Credit obtained for non-traditional learning will be indicated on the student's transcript as "credit by examination" and must be assigned in advance of any credit received through enrollment for the indicated course.

  1. Evaluation Procedure

    1. Non-traditional courses - A student who has completed a defined course of study outside the normal academic sphere may apply for appropriate course credits. Entering students would provide the Office of Undergraduate Admissions with the necessary supportive documents defining the learning acquired and this material would be forwarded to the academic unit in the normal path that conventional transfer credits follow. The options for evaluation include the following:

      1. Awarding credits for in-plant courses using guides available from the Armed Forces and the New York State Board of Regents.

      2. Awarding credits based upon the documentation provided by the student when in-plant courses are not defined in (a).

      3. Requiring the student to take an examination in the course for which credit is sought.

      4. If the course involved is in a sequence of courses, the student may be permitted to take the next course in the sequence, with credit for the previous course withheld until the student completes the second course with a grade of “C” or better. Students already in a program would follow the same procedure except that the request for credit would go directly to the department.
    1. Credit for learning acquired by work experience

      1. Existing courses at RIT - When no standard course work is involved, an entering student may request credit for specific courses through learning acquired from other experiences. To assist in organizing the documentation, the student should work in consultation with his/her academic unit to complete the Credit by Examination/Experience form available from the Registrar’s Office.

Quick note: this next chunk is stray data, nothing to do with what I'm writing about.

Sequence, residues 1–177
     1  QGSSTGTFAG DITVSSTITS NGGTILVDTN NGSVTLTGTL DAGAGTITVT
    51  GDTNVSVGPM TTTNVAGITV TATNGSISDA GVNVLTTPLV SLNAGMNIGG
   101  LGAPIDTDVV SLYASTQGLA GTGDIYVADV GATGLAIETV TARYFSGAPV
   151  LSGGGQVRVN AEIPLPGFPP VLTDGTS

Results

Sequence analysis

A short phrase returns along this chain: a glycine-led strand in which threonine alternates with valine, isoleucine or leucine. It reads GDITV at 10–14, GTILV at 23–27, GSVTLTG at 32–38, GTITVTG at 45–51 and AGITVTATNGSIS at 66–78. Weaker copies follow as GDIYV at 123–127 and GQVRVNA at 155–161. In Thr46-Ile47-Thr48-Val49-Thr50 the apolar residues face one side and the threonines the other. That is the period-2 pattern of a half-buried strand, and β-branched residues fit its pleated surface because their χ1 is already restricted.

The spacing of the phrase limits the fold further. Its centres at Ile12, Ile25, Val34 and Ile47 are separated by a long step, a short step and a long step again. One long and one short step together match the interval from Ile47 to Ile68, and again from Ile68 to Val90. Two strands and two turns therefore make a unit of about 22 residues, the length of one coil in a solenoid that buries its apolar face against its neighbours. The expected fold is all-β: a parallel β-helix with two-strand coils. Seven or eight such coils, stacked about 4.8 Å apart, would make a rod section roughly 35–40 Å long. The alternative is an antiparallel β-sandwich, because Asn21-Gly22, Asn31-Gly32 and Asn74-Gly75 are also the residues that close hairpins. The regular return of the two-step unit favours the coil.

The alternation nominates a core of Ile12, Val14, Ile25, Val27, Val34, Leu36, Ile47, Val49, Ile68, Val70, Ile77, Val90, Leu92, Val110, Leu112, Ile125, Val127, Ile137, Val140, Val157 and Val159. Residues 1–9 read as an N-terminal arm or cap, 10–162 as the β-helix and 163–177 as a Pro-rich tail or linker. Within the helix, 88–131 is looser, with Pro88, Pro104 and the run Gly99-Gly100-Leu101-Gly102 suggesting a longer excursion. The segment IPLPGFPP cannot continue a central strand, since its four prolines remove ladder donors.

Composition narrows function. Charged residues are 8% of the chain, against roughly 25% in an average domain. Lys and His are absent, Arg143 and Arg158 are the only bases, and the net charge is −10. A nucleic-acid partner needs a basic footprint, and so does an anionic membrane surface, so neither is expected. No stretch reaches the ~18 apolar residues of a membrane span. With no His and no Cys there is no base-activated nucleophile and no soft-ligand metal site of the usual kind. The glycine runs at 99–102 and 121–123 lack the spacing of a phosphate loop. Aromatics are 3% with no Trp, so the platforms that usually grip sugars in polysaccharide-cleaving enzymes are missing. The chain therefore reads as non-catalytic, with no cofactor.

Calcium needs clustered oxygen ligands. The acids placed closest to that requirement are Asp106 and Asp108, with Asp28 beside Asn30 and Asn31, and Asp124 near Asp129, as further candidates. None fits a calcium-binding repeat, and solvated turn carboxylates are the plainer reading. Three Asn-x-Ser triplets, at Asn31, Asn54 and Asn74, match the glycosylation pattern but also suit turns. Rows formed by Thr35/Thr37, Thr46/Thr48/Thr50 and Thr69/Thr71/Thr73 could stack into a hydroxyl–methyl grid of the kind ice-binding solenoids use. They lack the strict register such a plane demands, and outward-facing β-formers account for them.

2. Courses not presently offered at RIT - Requests for credits in the area of “free” or “professional” electives where no existing course at RIT matches the student’s experiential learning should follow the guidelines provided on the Credit by Examination/Experience form.

      These materials would be collected by the student’s primary academic department/unit that in turn would check them for completeness. An evaluation would be done. Again, credit would be approved or denied based upon the judgment of the academic unit.

    2. Requests for such credits by students already in a program would be submitted directly to the primary academic department/unit by the student. Awarding or denying the credit would be the judgment of the department. Whatever evaluation tools (including an examination) that are deemed necessary would be applied.

    3. Additional Procedures and Requirements

      1. Although the above procedure ensures that those requesting experiential learning credits are directed to the appropriate people, there is no assurance that a uniform standard of evaluation will be used throughout the departments of a college.

      2. Therefore, each dean will establish a committee to formulate policies and standards and to review periodically experiential learning credit requests. The structure of the committee will be such that uniform treatment of these requests will occur throughout the college. When a student is denied credits and wishes to contest the department’s decision, such a request should be directed to the appropriate dean for action.

      3. Students in RIT programs that include co-op as a normal part of their curriculum may not apply for credit for this work experience.

      4. An applicant should be made aware that the amount of credit that can be given is limited by the university residency requirements and by limits on this type of credit that may be established by the university or by the colleges concerned.

      5. The student will submit the appropriate fee to the Office of Student Financial Services once the amount of credit to be awarded has been determined.

Graduate students